Like all journeys, my faith journey, is enriching but far from smooth; subject to adaptation and never perfect. As with most Catholics, faith sustains and comforts me but also presents many surprises, demands and challenges along the way.
I remember as a school child, at St Brendan’s school in the 1950s, learning and singing the hymn, ‘Faith of Our Fathers’, even then an especial favourite of older Catholics. It looked back to earlier centuries when harsh penal laws against Catholics in England and Ireland were in force and solidarity in faith essential for the survival of Catholic practice and identity. Even today, we hear of Christians and other religious groups who are being persecuted for faith. The old hymn and the sentiments it professed, though, were ‘of their time’ and lost relevance to younger Catholics who grew up in a multi-faith Australia with its more inclusive culture and anti-discriminatory laws.
From the received faith of parents, teachers and Church community in primary school years, an exciting new development in faith came to me and to my contemporaries in 1962 with the advent of the Second Vatican Council. As the changes introduced by the Council were implemented over the next few decades, faith, once underpinned by stricter devotional practices, made way for a more communal and personally liberating faith. Catholic life was transformed. The Church became more open to the world and we were asked to follow in large and small ways of thinking and being. Faith education and discussion on Church matters and the larger issues of society were encouraged. Lay engagement in liturgy, ministry and administration became accepted practice. Exploring more fully Christ’s command, ‘Love one another as I have loved you’, found deeper meaning in an emphasis on social justice in schools, parishes and Church organizations throughout Australia. An engagement with ecumenism and a deeper understanding of other faiths and beliefs enriched and broadened the lives of Catholics and their fellow Australians, without diminishing Catholic identity and values as had been feared by earlier generations.
Faith for me is about that sort of hope and renewal. It promises that the Spirit will always be present to us in our Sacramental and everyday lives. Although my faith has certainly been tested at times, its promise remains with me. I see it exemplified every day in the lives of so many in our own Parish and wider communities, both young and old, who act ‘in good faith’. I am encouraged to take the ‘long view’ and trust in a faith that develops and sustains through life. I hope it will always challenge me to be better than I am and give a rich meaning to the rest of my journey.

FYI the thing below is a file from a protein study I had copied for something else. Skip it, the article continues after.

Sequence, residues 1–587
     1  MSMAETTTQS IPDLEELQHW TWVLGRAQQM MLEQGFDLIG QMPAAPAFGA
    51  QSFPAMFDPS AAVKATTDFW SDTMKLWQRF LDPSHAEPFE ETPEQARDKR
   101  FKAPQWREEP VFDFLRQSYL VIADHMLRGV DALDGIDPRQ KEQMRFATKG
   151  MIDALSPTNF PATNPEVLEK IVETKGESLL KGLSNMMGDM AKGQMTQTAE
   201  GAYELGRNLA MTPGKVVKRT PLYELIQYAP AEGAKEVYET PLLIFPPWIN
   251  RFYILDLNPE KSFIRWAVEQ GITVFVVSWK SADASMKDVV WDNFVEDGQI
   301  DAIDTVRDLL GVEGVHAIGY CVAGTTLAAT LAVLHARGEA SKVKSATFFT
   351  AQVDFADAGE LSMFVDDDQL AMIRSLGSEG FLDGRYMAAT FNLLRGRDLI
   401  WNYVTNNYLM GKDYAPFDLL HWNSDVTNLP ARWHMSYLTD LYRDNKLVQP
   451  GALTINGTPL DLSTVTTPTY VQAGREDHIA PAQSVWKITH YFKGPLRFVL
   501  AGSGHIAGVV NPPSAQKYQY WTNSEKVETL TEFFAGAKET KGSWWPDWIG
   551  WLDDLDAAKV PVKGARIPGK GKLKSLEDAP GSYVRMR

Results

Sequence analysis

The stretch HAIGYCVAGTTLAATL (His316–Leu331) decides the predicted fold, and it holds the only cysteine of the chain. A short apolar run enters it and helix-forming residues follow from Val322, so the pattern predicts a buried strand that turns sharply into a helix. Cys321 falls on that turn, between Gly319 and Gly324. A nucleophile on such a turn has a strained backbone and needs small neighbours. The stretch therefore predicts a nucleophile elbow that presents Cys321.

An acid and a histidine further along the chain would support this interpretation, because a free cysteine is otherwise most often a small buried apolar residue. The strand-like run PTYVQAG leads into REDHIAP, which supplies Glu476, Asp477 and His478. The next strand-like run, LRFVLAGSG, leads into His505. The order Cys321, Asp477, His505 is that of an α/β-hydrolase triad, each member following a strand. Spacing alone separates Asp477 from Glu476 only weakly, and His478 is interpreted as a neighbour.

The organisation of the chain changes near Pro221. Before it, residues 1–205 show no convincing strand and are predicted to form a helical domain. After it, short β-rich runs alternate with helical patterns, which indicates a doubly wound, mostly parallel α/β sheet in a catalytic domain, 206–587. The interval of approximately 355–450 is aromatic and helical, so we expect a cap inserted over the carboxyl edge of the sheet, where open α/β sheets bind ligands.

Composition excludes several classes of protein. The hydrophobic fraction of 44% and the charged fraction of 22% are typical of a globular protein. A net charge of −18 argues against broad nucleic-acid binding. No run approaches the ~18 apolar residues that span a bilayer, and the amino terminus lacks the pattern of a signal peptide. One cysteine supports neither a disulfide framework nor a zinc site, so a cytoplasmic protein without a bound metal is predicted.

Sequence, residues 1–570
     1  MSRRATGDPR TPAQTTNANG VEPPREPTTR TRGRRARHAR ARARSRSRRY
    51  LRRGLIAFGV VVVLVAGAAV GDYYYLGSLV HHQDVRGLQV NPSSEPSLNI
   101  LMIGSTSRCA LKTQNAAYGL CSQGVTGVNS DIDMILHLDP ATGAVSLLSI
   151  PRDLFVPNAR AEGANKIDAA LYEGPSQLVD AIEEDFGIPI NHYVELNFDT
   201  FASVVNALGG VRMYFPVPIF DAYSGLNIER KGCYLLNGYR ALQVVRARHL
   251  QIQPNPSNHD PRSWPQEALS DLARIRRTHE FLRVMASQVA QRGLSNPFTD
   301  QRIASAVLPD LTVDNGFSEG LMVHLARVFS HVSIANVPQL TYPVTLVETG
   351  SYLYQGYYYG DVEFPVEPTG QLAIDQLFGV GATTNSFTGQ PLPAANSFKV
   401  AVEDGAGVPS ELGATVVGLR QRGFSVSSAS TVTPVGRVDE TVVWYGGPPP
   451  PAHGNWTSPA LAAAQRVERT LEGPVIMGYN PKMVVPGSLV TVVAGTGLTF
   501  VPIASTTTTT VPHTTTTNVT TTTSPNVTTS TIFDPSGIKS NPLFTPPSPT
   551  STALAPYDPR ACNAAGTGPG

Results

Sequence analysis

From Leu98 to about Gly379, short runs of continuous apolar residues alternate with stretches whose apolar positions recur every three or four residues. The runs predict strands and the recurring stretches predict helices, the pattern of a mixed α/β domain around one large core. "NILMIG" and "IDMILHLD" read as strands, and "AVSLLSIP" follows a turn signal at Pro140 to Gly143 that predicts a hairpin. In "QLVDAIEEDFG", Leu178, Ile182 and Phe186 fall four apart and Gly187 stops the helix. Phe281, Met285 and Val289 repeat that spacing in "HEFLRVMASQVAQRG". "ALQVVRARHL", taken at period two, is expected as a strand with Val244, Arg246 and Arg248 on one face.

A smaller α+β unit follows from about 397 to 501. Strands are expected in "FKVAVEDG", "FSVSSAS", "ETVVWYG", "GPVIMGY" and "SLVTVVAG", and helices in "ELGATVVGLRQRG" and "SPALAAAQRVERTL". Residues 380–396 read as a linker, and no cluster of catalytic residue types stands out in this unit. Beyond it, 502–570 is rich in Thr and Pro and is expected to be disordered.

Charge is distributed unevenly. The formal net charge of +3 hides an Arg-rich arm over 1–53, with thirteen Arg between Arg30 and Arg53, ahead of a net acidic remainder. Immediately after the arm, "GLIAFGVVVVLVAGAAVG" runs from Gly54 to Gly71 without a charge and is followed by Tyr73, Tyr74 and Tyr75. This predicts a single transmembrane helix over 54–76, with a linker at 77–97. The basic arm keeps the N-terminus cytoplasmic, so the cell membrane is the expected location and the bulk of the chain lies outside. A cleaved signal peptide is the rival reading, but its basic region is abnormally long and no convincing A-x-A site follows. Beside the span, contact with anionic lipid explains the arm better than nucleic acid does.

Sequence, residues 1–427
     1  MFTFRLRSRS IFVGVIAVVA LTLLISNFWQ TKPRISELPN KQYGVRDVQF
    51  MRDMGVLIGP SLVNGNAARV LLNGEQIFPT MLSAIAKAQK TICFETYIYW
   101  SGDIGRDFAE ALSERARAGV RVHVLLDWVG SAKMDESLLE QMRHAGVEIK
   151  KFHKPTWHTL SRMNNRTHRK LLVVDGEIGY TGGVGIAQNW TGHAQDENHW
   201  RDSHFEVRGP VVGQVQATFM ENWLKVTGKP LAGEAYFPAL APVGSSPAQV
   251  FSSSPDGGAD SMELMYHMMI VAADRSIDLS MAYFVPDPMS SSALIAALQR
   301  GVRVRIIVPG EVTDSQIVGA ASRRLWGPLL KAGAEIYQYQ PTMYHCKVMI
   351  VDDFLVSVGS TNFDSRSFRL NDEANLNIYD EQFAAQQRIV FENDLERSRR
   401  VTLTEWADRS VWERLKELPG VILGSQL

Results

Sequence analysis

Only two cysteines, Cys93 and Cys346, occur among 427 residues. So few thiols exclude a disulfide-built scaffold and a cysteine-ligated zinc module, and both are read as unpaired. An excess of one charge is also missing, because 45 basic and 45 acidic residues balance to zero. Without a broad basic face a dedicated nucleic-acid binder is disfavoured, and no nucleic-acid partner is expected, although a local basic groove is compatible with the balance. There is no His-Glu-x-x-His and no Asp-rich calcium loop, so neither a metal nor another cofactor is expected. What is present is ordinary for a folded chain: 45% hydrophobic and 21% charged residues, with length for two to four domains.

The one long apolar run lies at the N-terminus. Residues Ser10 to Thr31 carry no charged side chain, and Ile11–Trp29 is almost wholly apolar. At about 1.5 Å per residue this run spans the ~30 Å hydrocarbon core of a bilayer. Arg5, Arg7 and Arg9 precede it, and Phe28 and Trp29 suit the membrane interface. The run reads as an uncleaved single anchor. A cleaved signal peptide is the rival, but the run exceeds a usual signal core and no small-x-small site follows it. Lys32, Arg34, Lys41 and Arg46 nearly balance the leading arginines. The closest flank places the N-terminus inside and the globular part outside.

What it means to be Catholic – By Luke Parnis
There are many joys and wonders about being Catholic. Faith is such a wonderful thing, and it is something that we should all think about as we all go about our days. Just recently, we celebrated Pentecost, when the Holy Spirit came upon the disciples and gave them the ability to speak foreign languages, to spread the good news of the Lord. Just like Pentecost, when we are babies, we are given gifts and talents to help proclaim god’s message, and to be more kind, loving human beings. When we have these gifts and talents, we must use them for other people’s needs, and not to always put ourselves first. An example of this is shown by my father Stephen, who is a doctor. He always puts the needs and concerns of his patients first, before anything else. He always treats people with so much respect, not just his patients but with his family and his friends, no matter who they were, or where they came from. Respect is one of the most important things in life, and something that Jesus always showed, no matter the situation he was in. Jesus is such a role model for me as he shows that being nice and doing the right thing is always the right choice. No, I can’t perform miracles, but the little things I can do to help people certainly make a difference.
Recently, I was elected Social Justice Leader at Holy Rosary Primary School. My goal is to help bring ‘Social Justice’ to our school and to the wider community by raising funds and awareness to help out people in need. With any leadership role comes responsibility; responsibility to work hard, responsibility to listen to my committee member’s inputs and ideas, and responsibility to make sure that I am making the fairest decisions for our group. Jesus’ inspirational messages help me make those decisions, and I make the decisions based on what is right, what is kind and one more very important aspect: What would Jesus do in this situation? This is why going to mass on Sundays is so important to me, as I get to learn Jesus’ ways of living and the things he did to become such an influential figure in his time.
As I go about my daily life, whether I am at school or at home or any other place I may be, I make it my duty to act as God wants me to, “To love one another as I have loved you”.
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